Presenting characteristics of bacterial corneal ulcers may suggest particular causative organisms, helping to guide treatment decisions before cultures become available. In this study, we analyze the association between presentation demographic and clinical characteristics, using data collected as part of a randomized, controlled clinical trial. Data for this study were collected as part of the Steroids for Corneal Ulcers Trial, a randomized, placebo-controlled, double-masked trial. All patients had a culture-proven bacterial corneal ulcer. Patient history, clinical examination, and photography were performed in a standardized fashion at enrollment. Analysis of variance or Fisher's exact test was used to compare characteristics by organism. Univariate logistic regression was used to analyze predictors of the most common organisms. Five hundred patients were enrolled in the trial, of whom 488 were included in this analysis. The most common organism was Streptococcus pneumoniae (N = 248, 51 %) followed by Pseudomonas aeruginosa (N = 110, 23 %). Compared to other organisms, P. aeruginosa was significantly associated with a larger baseline infiltrate/scar size [odds ratio (OR) 1.6, 95 % confidence interval (CI) 1.4-1.8] and deeper infiltrate (OR 2.4, 95 % CI 1.5-3.8). S. pneumoniae was significantly associated with a smaller baseline infiltrate/scar size (OR 0.8, 95 % CI 0.7-0.9) and dacryocystitis (OR 7.3, 95 % CI 4.1-13.3). Nocardia spp. were significantly associated with longer duration of symptoms prior to presentation (OR 1.4, 95 % CI 1.2-1.6), more shallow infiltrate (OR 0.3, 95 % CI 0.2-0.5), and better baseline visual acuity (OR 0.4, 95 % CI 0.2-0.65). Staphylococcus spp. were less likely to be central in location (OR 0.16, 95 % CI 0.08-0.3). Baseline characteristics of bacterial ulcers may suggest the likely etiology and guide early management.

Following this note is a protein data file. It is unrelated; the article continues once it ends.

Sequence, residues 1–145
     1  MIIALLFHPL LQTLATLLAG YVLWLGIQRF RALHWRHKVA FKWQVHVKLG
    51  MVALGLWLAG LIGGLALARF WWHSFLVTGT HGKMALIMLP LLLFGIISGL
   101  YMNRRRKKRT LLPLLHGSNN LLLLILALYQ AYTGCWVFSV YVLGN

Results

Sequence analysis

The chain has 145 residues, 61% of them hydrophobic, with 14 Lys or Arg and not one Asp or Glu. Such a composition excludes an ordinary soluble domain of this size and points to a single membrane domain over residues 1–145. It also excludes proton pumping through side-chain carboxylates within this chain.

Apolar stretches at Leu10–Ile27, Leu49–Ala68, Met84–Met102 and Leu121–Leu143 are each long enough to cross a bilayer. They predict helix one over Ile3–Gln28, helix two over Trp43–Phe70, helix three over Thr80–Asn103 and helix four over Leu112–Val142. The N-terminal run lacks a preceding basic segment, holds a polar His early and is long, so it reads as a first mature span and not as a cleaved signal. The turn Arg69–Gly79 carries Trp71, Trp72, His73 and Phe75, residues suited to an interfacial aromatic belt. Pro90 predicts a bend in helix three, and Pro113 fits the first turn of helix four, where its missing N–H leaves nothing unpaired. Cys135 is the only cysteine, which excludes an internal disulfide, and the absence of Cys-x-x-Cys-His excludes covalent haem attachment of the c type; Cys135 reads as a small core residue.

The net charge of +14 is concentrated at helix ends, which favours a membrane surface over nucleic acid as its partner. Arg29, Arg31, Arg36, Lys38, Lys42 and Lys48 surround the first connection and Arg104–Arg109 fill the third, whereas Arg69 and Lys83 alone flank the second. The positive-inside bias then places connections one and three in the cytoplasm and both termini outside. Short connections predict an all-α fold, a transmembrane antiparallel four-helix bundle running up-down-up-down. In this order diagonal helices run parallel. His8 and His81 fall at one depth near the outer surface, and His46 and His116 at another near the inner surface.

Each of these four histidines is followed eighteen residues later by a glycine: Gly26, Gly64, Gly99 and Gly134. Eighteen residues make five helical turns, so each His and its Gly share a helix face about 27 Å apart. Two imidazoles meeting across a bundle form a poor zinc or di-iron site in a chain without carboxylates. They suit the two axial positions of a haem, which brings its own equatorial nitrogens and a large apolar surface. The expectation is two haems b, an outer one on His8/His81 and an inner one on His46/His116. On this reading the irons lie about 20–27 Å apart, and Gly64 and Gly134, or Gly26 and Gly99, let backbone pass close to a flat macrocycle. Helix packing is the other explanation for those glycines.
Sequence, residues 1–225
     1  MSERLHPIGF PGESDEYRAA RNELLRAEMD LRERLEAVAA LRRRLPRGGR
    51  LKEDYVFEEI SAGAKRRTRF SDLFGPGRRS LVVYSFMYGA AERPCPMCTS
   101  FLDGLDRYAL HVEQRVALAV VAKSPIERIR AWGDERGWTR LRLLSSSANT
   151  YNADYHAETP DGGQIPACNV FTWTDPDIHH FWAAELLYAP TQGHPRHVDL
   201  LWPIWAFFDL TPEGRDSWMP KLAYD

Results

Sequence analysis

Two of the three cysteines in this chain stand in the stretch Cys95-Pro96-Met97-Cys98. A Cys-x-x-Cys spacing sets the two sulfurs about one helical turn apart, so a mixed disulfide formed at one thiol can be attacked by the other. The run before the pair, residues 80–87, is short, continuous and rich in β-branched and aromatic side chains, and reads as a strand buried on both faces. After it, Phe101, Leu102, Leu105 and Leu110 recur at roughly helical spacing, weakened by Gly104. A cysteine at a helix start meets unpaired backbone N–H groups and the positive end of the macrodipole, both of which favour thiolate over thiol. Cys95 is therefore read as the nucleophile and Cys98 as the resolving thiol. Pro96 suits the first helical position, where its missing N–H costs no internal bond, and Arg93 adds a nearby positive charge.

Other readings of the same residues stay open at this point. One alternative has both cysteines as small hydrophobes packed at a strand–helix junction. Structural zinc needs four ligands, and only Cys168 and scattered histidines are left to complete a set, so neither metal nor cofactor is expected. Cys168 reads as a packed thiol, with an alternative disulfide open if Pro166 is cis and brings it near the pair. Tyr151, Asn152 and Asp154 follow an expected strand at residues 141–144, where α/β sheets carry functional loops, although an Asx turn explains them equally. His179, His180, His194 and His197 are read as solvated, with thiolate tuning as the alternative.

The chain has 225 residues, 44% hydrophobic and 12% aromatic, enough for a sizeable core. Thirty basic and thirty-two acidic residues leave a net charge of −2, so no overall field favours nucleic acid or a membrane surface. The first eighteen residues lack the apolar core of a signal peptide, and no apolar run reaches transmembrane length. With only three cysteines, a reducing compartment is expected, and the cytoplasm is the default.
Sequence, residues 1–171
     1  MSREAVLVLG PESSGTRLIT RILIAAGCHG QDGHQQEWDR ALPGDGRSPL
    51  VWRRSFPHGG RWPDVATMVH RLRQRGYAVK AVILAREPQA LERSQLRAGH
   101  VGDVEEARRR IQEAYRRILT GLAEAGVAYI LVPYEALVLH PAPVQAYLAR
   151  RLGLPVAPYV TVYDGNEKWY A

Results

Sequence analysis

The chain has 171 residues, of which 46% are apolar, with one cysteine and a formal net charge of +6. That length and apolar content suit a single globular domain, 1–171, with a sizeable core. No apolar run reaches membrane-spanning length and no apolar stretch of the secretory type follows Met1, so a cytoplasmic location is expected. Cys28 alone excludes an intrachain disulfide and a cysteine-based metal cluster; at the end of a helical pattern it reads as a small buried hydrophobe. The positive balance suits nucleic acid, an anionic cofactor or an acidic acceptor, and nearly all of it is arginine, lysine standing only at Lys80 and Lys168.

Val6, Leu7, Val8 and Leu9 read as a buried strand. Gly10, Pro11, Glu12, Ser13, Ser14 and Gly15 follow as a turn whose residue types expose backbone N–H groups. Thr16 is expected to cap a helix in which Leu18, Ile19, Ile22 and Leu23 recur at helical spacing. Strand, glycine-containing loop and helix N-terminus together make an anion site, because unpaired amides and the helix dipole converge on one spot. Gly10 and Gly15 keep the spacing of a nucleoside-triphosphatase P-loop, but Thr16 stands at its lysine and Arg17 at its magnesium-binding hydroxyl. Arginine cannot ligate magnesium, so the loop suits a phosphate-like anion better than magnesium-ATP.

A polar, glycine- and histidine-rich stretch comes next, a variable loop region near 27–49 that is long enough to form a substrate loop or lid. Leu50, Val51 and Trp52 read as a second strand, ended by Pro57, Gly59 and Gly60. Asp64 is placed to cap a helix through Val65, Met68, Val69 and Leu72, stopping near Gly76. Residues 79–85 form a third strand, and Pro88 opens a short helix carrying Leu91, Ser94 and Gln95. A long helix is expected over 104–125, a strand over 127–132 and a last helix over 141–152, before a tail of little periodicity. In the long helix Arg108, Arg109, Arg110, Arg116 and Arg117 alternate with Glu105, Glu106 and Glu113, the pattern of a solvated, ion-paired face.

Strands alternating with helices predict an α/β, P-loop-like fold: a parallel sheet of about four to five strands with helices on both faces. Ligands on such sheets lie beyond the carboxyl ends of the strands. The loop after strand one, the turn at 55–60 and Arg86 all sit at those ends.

All Science Journal Classification (ASJC) codes